Res­cu­ing Gib­ney’s ar­chi­tec­tural vi­sions

The Irish Times - Friday - The Ticket - - BOOKS REVIEWS - FRANK McDON­ALD


The most fa­mous Gib­ney in Ir­ish ar­chi­tec­ture was Arthur Gib­ney, part­ner of Sam Stephen­son in de­sign­ing the ESB head­quar­ters on Dublin’s Fitzwillia­m Street (re­cently de­mol­ished), the for­mer Cen­tral Bank on Dame Street (cur­rently be­ing ren­o­vated) and the first phase of the Civic Of­fices at Wood Quay.

But there was an­other Gib­ney, not even dis­tantly re­lated to Arthur, who left his mark far and wide, in­clud­ing in­stantly recog­nis­able Bord na Móna hous­ing es­tates, which were com­mis­sioned to pro­vide homes for turf-cut­ters in the mid­lands, just as the Pembroke Es­tate in Dublin built char­ac­ter­is­tic cot­tages for its work­ers.

Frank Gib­ney has now been de­servedly res­cued from rel­a­tive ob­scu­rity by re­tired ar­chi­tect and plan­ner Fer­gal MacCabe in a co­pi­ously il­lus­trated book that doc­u­ments his hero’s of­ten rad­i­cal plans to re­shape nu­mer­ous pro­vin­cial towns in Beaux-Arts style, com­plete with ax­ial vis­tas and Gar­den City hous­ing es­tates.

Gib­ney was also in­volved in “Project X” to pro­vide a new town next to Shan­non Air­port’s duty-free in­dus­trial zone – the first such ef­fort to build an en­tirely new set­tle­ment in Ire­land since the north­ern planter towns of the early to mid-17th cen­tury. MacCabe believes his plan would have pro­duced “a mag­nif­i­cent ur­ban en­sem­ble”.

But it was all too much for the De­part­ment of Lo­cal Govern­ment to swal­low, and Gib­ney re­signed from all com­mis­sions in Shan­non af­ter be­ing in­formed by Bren­dan O’Re­gan, dy­namic chief ex­ec­u­tive of the de­vel­op­ment com­pany, that the plum job would go to other architects who “had no civic de­sign am­bi­tions”, as the au­thor notes.

MacCabe first en­coun­tered Gib­ney’s work at the age of 10, when he ob­served the con­struc­tion of new canal-side hous­ing on Clon­tarf Road in Tul­lam­ore, re­plac­ing a run-down ter­race of thatched cot­tages known lo­cally as “Tinkers’ Row”. It was the rhythm and grandeur of the new houses that in­spired him to be­come an ar­chi­tect.

As he writes, Gib­ney’s rep­u­ta­tion as “a sin­gu­lar fig­ure” in Ir­ish res­i­den­tial de­sign rests pri­mar­ily on the six-es­tate vil­lage schemes he com­pleted for Bord na Móna in Kil­cor­mac and Brack­nagh, Co Of­faly; Rochfort­bridge, Co West­meath; Lanes­bor­ough, Co Long­ford; Cloon­tuskert, Co Roscom­mon, and Coill Dubh, Co Kil­dare.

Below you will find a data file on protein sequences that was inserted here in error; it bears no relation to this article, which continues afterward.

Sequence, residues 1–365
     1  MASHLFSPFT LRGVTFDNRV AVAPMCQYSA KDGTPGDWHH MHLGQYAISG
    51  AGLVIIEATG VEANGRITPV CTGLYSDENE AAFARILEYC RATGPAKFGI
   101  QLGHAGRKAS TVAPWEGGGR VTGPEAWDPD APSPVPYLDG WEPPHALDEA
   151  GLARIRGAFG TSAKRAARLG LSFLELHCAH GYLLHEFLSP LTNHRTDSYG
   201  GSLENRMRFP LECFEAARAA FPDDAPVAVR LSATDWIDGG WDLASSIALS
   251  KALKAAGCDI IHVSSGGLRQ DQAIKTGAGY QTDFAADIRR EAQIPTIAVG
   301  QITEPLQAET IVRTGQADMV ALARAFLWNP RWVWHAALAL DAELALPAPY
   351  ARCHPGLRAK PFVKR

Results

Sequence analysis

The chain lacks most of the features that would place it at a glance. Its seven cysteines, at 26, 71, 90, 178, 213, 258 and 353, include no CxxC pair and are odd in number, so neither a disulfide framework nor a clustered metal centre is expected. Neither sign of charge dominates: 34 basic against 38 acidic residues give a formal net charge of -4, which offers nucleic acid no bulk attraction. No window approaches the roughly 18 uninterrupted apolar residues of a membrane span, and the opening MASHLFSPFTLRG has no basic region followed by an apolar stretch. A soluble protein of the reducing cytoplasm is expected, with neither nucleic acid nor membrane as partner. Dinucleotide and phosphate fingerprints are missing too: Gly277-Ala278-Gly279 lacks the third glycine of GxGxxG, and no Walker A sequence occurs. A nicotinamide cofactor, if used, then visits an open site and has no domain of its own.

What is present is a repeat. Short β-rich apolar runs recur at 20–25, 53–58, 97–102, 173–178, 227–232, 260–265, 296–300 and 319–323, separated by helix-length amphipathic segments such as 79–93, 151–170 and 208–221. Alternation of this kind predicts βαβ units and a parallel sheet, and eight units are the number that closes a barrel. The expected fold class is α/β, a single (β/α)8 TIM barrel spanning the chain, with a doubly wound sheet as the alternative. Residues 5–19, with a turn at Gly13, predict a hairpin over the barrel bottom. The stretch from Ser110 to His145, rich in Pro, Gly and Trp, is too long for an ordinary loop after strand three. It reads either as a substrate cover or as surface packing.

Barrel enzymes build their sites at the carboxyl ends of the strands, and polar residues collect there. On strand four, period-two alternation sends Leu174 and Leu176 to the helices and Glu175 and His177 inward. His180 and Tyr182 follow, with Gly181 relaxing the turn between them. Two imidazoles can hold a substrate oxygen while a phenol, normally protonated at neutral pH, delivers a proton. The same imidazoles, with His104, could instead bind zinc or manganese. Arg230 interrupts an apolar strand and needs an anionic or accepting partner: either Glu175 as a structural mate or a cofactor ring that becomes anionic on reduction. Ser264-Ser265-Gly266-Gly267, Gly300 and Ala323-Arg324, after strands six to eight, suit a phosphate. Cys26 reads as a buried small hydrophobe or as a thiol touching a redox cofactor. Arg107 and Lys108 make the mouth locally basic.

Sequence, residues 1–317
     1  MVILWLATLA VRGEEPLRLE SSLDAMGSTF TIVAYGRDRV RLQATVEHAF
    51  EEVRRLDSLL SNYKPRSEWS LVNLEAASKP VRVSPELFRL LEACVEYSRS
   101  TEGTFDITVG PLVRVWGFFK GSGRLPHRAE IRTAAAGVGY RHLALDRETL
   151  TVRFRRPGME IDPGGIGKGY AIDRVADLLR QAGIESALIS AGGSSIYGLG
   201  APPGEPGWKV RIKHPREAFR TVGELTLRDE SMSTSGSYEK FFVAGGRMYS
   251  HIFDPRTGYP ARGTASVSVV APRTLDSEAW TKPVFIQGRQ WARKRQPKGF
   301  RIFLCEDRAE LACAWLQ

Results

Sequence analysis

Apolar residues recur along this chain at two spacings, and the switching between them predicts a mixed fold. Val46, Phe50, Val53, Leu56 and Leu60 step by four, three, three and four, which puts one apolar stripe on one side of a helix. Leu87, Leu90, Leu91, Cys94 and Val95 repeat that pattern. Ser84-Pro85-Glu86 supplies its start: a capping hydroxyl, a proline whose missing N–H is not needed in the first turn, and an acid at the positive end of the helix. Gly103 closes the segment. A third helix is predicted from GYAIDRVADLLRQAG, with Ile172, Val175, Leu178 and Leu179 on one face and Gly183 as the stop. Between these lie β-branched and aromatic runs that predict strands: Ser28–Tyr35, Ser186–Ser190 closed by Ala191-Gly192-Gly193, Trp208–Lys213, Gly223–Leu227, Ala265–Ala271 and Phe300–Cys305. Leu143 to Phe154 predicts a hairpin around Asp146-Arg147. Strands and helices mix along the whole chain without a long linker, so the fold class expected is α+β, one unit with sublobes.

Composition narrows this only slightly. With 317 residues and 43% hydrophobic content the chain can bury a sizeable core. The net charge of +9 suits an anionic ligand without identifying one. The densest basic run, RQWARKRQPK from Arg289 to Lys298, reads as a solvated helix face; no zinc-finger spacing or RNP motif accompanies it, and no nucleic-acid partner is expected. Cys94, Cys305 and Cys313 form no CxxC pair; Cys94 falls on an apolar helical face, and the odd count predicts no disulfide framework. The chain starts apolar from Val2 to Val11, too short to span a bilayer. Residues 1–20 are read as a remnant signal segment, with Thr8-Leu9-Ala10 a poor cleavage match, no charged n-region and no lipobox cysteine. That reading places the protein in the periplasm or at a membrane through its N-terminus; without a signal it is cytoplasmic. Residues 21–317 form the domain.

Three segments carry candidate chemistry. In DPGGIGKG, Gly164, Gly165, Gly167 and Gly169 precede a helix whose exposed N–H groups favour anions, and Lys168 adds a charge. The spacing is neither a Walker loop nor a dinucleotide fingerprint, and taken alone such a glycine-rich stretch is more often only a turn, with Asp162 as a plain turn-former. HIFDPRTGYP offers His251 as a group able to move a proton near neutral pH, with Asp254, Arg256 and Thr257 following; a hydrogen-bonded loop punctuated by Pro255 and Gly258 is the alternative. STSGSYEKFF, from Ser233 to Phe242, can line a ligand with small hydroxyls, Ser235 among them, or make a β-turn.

In­flu­enced by the English arts and crafts move­ment, their for­mal lay­outs, with the use of fea­ture gables and arches, made these charm­ing model vil­lages as dis­tinc­tive in the land­scape as the curved con­crete cool­ing tow­ers of Bord na Móna’s first-gen­er­a­tion peat-fired power sta­tions, all of which are gone – only the houses sur­vive.

In­evitably, many of the res­i­dents – owner-oc­cu­piers now – have re­placed orig­i­nal doors and win­dows with alu­minium or PVC al­ter­na­tives. But MacCabe notes that the orig­i­nal de­sign char­ac­ter of the schemes has gen­er­ally been main­tained, and he sug­gests that they should all be ar­chi­tec­tural con­ser­va­tion ar­eas.

Even though he lived in Dublin, in a re­mark­able house with a thatched roof that he had de­signed, Gib­ney sought to re­lo­cate the cap­i­tal to a site out­side Athlone, at the geo­graph­i­cal cen­tre of Ire­land, with roads ra­di­at­ing out from it in ev­ery di­rec­tion and a cir­cum­fer­en­tial route to link all the sec­ond-tier cities to­gether. It didn’t hap­pen.

Like many of his gen­er­a­tion, he was averse to tra­di­tional cities and the very idea of apart­ment liv­ing, which “de­stroyed in­di­vid­u­al­ity and fam­ily life, per­pet­u­ated class di­vi­sions, lim­ited in­ter­course be­tween fam­ily groups, di­vorced chil­dren from na­ture [and] re­sulted in a ‘Flat’ mind stunt­ing the ex­u­ber­ance of liv­ing”.

Gib­ney had the “un­set­tling” ex­pe­ri­ence of be­ing on the jury for a 1954 ar­chi­tec­tural com­pe­ti­tion to de­sign a new Catholic church for Clonskeagh in south Dublin, for which the rec­om­mended con­tem­po­rary pro­posal was cast aside by Arch­bishop John Charles McQuaid in favour of a tra­di­tional de­sign by Jones and Kelly.

But Gib­ney’s airs did not en­dear him to some clients. As MacCabe notes, he would never ad­dress build­ing work­ers di­rectly, but rather through the clerk of works. He would also turn up in a Rolls-Royce, “a most un­usual mode of trans­port for an ar­chi­tect in the 1950s”, when many coun­cil­lors were still go­ing around on bi­cy­cles.

There is much dis­cus­sion in the book about the po­lit­i­cal con­text of the time, the emer­gence of town plan­ning as a pro­fes­sion and the ideas we im­ported, in­clud­ing “new towns” be­ing built in post-war Bri­tain. But it’s mainly about Gib­ney’s life and work, which in­cluded his ac­tive role as a polemi­cist for his own ideas.

Although his town plan­ning schemes were “too ad­ven­tur­ous for the times”, MacCabe con­cludes that Gib­ney’s Bord na Móna hous­ing is ar­guably “the sole phys­i­cal man­i­fes­ta­tion of the vi­sions enun­ci­ated by Pearse and de Valera … of mod­est and tra­di­tional set­tle­ments in the coun­try­side for those em­ployed in lo­cal in­dus­try”.

Architects and plan­ners will be fas­ci­nated by Am­bi­tion and Achieve­ment: The Civic Vi­sions of Frank Gib­ney, not least be­cause it re­pro­duces so many draw­ings and plans of his hous­ing schemes. But any­one with an in­ter­est in Ire­land’s de­vel­op­ment in the mid-20th cen­tury will find it very re­veal­ing about how we felt our way to­wards the coun­try we now in­habit, for good or ill.

Gib­ney’s rep­u­ta­tion rests pri­mar­ily on the vil­lage schemes he com­pleted for Bord na Móna, such as Lanes­bor­ough, Co Long­ford

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